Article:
# Why is there no divsion by degrees if freedom in sample correlation?

Why is there no divsion by degrees of freedom in sample correlation? The same seems to hold for the coefficent of the depandt variable using linear regression.

To me it look like some kind of sample variance and sample covariance but not divided by $$\frac{1}{n-1}$$

Any ideas?

If by "$$\textit{no divsion by degrees of freedom in sample correlation}$$" you mean that there is no $$\frac{1}{n-1}$$in the expression:

corr$$(x, y)$$ = $$\frac{\displaystyle \sum_{n=1}^n(x_i - \bar{x})(y_i - \bar{y})}{\sqrt{\displaystyle \sum_{n=1}^n(x_i - \bar{x})^2 \displaystyle \sum_{n=1}^n(y_i - \bar{y})^2}}$$

Simply consider the case where you actually add it:

corr$$(x, y)$$ = $$\frac{\displaystyle \sum_{n=1}^n\frac{(x_i - \bar{x})(y_i - \bar{y})}{n-1}}{\sqrt{\displaystyle \sum_{n=1}^n \frac{(x_i - \bar{x})^2}{n-1} \displaystyle \sum_{n=1}^n \frac{(y_i - \bar{y})^2}{n-1}}}$$

Then:

corr$$(x, y)$$ = $$\frac{\displaystyle \frac{1}{n-1}\sum_{n=1}^n(x_i - \bar{x})(y_i - \bar{y})}{\sqrt{\displaystyle \left(\frac{1}{n-1}\right)^2\sum_{n=1}^n (x_i - \bar{x})^2 \displaystyle \sum_{n=1}^n (y_i - \bar{y})^2}}$$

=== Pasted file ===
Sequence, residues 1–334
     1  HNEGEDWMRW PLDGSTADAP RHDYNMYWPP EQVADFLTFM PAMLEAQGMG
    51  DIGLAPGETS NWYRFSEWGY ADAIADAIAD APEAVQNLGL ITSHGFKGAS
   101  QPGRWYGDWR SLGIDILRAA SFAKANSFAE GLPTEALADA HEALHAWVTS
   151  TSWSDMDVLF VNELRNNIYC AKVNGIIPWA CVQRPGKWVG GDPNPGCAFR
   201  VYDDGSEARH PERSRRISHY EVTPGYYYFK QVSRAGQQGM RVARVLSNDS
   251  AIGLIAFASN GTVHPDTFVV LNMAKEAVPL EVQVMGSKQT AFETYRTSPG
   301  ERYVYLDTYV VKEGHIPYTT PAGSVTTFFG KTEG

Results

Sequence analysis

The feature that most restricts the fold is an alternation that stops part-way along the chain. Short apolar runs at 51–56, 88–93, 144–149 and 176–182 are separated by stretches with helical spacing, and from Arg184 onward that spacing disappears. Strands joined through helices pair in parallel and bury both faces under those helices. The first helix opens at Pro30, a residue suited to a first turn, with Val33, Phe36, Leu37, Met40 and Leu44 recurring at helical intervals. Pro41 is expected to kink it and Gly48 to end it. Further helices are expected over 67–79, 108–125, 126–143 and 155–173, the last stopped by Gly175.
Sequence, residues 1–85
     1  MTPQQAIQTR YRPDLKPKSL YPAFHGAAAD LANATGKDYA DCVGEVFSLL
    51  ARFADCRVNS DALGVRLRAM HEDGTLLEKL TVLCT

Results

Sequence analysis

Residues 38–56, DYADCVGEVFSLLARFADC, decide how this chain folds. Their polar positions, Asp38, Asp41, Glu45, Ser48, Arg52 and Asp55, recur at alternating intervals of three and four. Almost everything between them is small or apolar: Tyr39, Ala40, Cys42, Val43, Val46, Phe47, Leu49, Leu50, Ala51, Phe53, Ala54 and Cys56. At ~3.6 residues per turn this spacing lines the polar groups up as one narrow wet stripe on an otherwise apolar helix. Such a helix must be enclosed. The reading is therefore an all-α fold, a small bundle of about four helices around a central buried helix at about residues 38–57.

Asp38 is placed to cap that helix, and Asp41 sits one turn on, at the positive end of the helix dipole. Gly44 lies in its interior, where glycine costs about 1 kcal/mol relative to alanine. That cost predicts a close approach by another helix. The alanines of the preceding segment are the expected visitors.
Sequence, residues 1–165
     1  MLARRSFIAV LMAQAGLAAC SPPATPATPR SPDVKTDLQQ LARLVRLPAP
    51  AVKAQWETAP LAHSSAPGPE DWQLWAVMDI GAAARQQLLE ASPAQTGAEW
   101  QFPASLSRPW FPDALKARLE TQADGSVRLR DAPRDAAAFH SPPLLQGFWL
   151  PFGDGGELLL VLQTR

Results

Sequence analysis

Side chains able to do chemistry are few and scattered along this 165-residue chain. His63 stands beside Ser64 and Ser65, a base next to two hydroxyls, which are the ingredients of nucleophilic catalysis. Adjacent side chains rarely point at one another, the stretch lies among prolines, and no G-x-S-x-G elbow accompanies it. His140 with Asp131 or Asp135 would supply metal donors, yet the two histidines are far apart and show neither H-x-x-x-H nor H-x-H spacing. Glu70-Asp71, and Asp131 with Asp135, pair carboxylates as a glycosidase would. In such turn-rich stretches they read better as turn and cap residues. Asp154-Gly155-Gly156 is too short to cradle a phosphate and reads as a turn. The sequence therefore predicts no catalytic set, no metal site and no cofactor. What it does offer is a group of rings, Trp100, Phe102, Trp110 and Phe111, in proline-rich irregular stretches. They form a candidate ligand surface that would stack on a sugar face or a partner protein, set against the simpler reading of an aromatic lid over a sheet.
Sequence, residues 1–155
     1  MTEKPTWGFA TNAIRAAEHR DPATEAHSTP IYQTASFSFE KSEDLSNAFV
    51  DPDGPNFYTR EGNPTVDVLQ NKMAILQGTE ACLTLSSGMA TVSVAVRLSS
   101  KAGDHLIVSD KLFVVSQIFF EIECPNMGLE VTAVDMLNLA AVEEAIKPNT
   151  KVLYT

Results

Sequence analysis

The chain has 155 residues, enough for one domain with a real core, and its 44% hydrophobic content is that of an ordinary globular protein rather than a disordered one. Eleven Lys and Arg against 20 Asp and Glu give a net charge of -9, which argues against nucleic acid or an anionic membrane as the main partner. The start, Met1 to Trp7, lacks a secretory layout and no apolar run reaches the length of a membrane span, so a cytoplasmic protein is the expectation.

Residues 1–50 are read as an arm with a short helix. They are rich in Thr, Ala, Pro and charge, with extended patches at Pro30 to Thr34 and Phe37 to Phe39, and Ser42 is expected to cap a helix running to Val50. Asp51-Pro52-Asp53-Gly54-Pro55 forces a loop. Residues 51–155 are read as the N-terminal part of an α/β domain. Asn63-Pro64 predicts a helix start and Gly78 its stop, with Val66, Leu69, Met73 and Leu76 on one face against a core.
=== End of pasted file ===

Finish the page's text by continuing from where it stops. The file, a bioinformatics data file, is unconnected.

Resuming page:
Consequently:

corr$$(x, y)$$ = $$\frac{\displaystyle \frac{1}{n-1}\sum_{n=1}^n(x_i - \bar{x})(y_i - \bar{y})}{\displaystyle \frac{1}{n-1}\sqrt{\sum_{n=1}^n (x_i - \bar{x})^2 \displaystyle \sum_{n=1}^n (y_i - \bar{y})^2}}$$

Which is equal to the original expression as $$\frac{1}{n-1}$$ in the numerator and denominator cancels out.

In case you are wondering why no degrees of freedom correction is made in some expressions you might have found on the internet or textbooks, it is probably because those examples are part of Large Sample Theory. As the number of observations goes to infinity, biased estimators are not that important provided that these estimators are consistent. Just consider this:

$$\lim_{n \to \infty} \frac{1}{n} = \lim_{n \to \infty} \frac{1}{n-1}$$.

Note that some assumptions like random sampling or covariance stationarity might be needed.